Artweek, 01. December 2002

GOTTFRIED HELNWEIN AT MODERNISM
Jonathon Keats

This was the moment when I sensed for the first time," Helnwein has since written, "[that] you can change something with aesthetics, you can get things moving in a very subtle way, you can get even the powerful and strong to slide and totter, anything actually if you know the weak points and tap at them ever so gently by aesthetic means." For the following three-and-a-half decades he has relentlessly pursued that goal, masterfully incorporating everything from painting to performance to photography, regularly causing art world outcry and public fury.

Yet as his knockout exhibition at Modernism last October made clear, his art is successful less for its evident tendency to provoke than for its extraordinary ability to perplex.

The first and last enduring lesson Gottfried Helnwein learned in art school came about the day he refused to sketch yet another classic nude, and instead took a razor to his fingers and drew a portrait of Adolph Hitler in his own blood. The year was 1965, the city Vienna, and all Austria seemed tacitly to have agreed that responsibility for Nazi atrocities would be forgiven if only the whole horrid era were forgotten. So, rather than praising Helnwein's exceptional draftsmanship, using so painfully original a technique, his instructor gathered the entire faculty and accused him, in front of the student body, of attempting to ruin the school's reputation.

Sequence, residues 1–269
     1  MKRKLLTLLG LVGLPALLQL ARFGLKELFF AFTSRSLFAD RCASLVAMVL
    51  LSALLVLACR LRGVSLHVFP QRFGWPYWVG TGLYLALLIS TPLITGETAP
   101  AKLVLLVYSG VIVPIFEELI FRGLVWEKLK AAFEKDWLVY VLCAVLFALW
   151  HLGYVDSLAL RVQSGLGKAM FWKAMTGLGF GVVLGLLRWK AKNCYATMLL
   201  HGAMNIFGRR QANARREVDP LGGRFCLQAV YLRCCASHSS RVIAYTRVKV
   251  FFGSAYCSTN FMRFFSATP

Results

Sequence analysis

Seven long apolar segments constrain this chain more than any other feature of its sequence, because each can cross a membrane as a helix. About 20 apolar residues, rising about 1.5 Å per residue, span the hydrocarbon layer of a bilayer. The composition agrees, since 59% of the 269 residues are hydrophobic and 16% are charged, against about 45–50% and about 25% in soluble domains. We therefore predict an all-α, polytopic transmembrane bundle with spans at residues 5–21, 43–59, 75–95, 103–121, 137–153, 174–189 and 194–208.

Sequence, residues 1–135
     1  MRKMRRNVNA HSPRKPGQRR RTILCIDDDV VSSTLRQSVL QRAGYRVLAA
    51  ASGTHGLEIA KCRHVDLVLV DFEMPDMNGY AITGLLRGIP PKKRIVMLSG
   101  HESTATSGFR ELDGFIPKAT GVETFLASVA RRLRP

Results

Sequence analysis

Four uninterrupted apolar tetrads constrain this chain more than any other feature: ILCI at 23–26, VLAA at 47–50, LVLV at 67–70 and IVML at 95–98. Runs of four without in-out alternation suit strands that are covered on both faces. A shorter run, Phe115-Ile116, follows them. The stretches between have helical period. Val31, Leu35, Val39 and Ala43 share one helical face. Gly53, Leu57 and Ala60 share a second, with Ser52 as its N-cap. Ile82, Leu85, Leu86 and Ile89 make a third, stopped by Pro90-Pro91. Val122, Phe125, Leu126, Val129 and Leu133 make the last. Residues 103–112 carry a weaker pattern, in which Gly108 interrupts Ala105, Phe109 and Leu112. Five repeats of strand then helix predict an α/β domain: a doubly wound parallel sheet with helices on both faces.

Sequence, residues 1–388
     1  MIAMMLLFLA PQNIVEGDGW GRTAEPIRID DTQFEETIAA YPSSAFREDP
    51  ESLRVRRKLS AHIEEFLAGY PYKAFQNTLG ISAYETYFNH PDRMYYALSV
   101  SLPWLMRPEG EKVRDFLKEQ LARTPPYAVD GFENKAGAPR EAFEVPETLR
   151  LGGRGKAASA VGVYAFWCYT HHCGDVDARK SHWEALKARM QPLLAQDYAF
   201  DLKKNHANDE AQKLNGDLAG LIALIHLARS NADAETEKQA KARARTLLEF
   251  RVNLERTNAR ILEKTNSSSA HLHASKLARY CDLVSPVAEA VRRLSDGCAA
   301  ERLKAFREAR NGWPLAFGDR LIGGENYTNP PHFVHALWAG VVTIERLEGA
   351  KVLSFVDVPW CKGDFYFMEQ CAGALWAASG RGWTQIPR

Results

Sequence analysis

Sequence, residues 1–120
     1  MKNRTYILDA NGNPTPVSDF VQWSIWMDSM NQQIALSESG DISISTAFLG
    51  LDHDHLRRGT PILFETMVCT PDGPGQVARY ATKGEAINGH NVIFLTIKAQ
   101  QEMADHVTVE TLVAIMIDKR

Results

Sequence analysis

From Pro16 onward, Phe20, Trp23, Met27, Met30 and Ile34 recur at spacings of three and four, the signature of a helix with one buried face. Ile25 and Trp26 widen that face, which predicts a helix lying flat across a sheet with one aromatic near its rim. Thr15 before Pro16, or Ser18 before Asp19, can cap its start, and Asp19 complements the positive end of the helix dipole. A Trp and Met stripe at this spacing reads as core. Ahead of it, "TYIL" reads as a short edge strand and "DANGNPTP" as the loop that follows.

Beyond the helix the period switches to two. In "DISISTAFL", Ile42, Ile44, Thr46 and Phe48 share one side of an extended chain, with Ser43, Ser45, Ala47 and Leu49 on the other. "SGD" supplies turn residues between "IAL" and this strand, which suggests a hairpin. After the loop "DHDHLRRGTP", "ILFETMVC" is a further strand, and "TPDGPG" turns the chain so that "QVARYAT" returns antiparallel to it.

"This was the moment when I sensed for the first time," Helnwein has since written, "[that] you can change something with aesthetics, you can get things moving in a very subtle way, you can get even the powerful and strong to slide and totter, anything actually if you know the weak points and tap at them ever so gently by aesthetic means." For the following three-and-a-half decades he has relentlessly pursued that goal, masterfully incorporating everything from painting to performance to photography, regularly causing art world outcry and public fury. Yet as his knockout exhibition at Modernism last October made clear, his art is successful less for its evident tendency to provoke than for its extraordinary ability to perplex.

Ambiguity, of course, has always been the essence of art, setting it apart from mere commentary. Many, from Robert Arneson to Barbara Kruger, have ultimately failed for putting their work in the service of polemic. Had Helnwein taken too fervently to the lesson he learned in art school - had he simply chosen to be an effective agitator - he assuredly would have suffered the same fate. In truth, that initial portrait of Hitler, while gutsy, isn't especially deep. It served as a point of departure, but once he was on his way, the Austrian painter, now working in Los Angeles, let his distance from it grow greater by the hour.

 

Visit link for complete article:
http://www.helnwein.com/presse/selected_articles/artikel_890.html